Your post advocates a

(X) technical ( ) legislative ( ) market-based ( ) vigilante

approach to fighting spam. Your idea will not work. Here is why it won't work. (One or more of the following may apply to your particular idea, and it may have other flaws which used to vary from state to state before a bad federal law was passed.)

( ) Spammers can easily use it to harvest email addresses
(X) Mailing lists and other legitimate email uses would be affected
( ) No one will be able to find the guy or collect the money
( ) It is defenseless against brute force attacks
( ) It will stop spam for two weeks and then we'll be stuck with it
( ) Users of email will not put up with it
( ) Microsoft will not put up with it
( ) The police will not put up with it
( ) Requires too much cooperation from spammers
( ) Requires immediate total cooperation from everybody at once
(X) Many email users cannot afford to lose business or alienate potential employers
( ) Spammers don't care about invalid addresses in their lists
( ) Anyone could anonymously destroy anyone else's career or business

Specifically, your plan fails to account for

( ) Laws expressly prohibiting it
( ) Lack of centrally controlling authority for email
(X) Open relays in foreign countries
( ) Ease of searching tiny alphanumeric address space of all email addresses
( ) Asshats
( ) Jurisdictional problems
( ) Unpopularity of weird new taxes
( ) Public reluctance to accept weird new forms of money
( ) Huge existing software investment in SMTP
( ) Susceptibility of protocols other than SMTP to attack
(X) Willingness of users to install OS patches received by email
(X) Armies of worm riddled broadband-connected Windows boxes
(X) Eternal arms race involved in all filtering approaches
(X) Extreme profitability of spam
( ) Joe jobs and/or identity theft
( ) Technically illiterate politicians
( ) Extreme stupidity on the part of people who do business with spammers
( ) Dishonesty on the part of spammers themselves
( ) Bandwidth costs that are unaffected by client filtering
(X) Infrastructure costs that are involved in deep packet inspection on the core routers
(X) Privacy concerns in letting ISPs perform deep packet inspection on the core routers
( ) Outlook

and the following philosophical objections may also apply:

(X) Ideas similar to yours are easy to come up with, yet none have ever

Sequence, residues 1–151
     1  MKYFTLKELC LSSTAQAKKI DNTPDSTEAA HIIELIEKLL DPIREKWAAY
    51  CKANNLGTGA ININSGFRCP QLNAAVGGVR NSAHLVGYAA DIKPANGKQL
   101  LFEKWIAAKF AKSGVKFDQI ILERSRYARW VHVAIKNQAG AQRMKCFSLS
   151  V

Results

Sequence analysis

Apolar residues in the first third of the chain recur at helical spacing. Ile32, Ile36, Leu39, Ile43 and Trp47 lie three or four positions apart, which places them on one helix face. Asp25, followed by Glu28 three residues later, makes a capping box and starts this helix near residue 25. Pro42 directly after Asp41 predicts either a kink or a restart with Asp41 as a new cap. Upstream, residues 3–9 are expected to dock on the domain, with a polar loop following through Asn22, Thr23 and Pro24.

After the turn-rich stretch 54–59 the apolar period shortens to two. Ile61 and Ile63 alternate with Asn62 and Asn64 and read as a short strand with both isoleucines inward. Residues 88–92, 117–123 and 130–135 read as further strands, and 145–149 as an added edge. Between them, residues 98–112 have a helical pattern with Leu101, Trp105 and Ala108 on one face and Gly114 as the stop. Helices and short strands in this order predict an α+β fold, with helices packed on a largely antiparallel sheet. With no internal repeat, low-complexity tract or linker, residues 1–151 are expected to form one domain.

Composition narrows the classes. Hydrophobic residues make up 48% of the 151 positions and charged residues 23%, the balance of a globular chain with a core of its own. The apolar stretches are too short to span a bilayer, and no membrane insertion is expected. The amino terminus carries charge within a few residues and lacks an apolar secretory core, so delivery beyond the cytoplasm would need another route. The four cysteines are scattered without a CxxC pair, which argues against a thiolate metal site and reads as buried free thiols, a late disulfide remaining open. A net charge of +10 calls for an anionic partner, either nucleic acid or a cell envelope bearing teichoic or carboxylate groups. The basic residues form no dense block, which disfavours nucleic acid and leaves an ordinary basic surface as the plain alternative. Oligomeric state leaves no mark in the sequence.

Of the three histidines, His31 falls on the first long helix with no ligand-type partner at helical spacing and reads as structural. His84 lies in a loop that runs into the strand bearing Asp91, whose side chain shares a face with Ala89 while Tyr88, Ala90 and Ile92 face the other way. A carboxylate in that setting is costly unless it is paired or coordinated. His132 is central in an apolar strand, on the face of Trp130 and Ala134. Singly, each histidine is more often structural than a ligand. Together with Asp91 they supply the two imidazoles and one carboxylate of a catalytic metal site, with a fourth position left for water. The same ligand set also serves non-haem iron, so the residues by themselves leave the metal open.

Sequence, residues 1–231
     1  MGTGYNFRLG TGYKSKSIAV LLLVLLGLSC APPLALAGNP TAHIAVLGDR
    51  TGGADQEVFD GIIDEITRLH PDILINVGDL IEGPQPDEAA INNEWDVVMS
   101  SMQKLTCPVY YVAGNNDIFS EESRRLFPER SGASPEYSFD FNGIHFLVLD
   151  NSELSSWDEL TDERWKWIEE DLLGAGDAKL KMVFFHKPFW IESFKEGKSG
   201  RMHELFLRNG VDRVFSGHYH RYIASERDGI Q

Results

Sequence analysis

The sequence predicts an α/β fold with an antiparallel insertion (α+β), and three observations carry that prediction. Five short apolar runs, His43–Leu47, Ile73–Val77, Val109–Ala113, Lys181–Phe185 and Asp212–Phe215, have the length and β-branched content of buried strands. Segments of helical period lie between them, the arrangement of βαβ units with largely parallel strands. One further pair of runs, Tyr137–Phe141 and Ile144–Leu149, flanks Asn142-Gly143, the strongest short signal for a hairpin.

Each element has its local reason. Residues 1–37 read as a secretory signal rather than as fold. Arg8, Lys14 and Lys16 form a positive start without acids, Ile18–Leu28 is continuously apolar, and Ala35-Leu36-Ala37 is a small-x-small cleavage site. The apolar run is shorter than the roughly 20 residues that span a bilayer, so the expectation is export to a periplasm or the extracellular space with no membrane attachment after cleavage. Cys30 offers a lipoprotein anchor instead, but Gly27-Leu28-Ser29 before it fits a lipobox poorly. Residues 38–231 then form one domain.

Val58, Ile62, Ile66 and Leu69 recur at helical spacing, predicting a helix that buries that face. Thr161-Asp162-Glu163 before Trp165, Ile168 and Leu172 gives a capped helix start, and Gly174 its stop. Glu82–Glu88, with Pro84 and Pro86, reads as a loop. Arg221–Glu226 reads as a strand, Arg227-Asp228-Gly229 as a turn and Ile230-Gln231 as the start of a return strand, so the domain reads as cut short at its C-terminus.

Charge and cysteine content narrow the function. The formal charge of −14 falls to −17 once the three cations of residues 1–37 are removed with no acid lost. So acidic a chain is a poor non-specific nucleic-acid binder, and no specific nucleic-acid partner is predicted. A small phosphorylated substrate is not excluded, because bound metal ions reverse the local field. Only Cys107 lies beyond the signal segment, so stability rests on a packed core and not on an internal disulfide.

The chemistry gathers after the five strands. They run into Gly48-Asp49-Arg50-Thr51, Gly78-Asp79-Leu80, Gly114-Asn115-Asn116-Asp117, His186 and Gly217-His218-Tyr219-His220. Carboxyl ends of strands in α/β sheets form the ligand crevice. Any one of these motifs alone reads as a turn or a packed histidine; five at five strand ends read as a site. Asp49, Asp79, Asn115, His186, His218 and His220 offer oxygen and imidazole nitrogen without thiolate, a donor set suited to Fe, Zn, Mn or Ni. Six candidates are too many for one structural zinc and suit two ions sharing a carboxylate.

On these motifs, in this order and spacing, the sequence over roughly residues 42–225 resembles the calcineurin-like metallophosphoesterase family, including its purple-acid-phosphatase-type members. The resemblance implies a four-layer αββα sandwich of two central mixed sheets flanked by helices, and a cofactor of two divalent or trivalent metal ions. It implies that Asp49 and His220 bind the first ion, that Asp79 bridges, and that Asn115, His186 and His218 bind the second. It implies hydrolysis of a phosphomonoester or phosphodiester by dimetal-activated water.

been shown practical
( ) Any scheme based on opt-out is unacceptable
( ) SMTP headers should not be the subject of legislation
( ) Blacklists suck
( ) Whitelists suck
( ) We should be able to talk about Viagra without being censored
( ) Countermeasures should not involve wire fraud or credit card fraud
(X) Countermeasures should not involve sabotage of public networks
(X) Countermeasures must work if phased in gradually
( ) Sending email should be free
( ) Why should we have to trust you and your servers?
( ) Incompatiblity with open source or open source licenses
( ) Feel-good measures do nothing to solve the problem
( ) Temporary/one-time email addresses are cumbersome
(X) I don't want the government reading my email
( ) Killing them that way is not slow and painful enough

Furthermore, this is what I think about you:

(X) Sorry dude, but I don't think it would work.
( ) This is a stupid idea, and you're a stupid person for suggesting it.
( ) Nice try, assh0le! I'm going to find out where you live and burn your
house down!

Re:Router level solution (1)

ionix5891 (1228718) | more than 5 years ago | (#27971487)

I know, they can pipe their email thru' Gmail ....

  oh wait, nvm :P

Re:Router level solution (0)

Anonymous Coward | more than 5 years ago | (#27971581)

Best post ever.

You are a God among men.

Go ahead and mod me down, it was worth the read.

Re:Router level solution (1)

ArcherB (796902) | more than 5 years ago | (#27971621)

(X) Mailing lists and other legitimate email uses would be affected

Legitimate mass mailers would require a registration to be placed on an allow list. Of course, spammers need not apply. Licensing fees could even be charged for this list to pay for the program, but that may not be fair.

(X) Many email users cannot afford to lose business or alienate potential employers

Like who? Spammers? If you send less than, say, 10,000 emails a day, you shouldn't have to worry about anything. If you do legitimately send that many emails, see my response to your previous complaint.

(X) Open relays in foreign countries

How many "pipes" are there at US borders? Put filters on all of these.

(X) Willingness of users to install OS patches received by email
(X) Armies of worm riddled broadband-connected Windows boxes

Machines that have been zombiefied would be cut off from the web at the router level. They will be allowed back on once their ISP can verify they have been de-zombied.

(X) Eternal arms race involved in all filtering approaches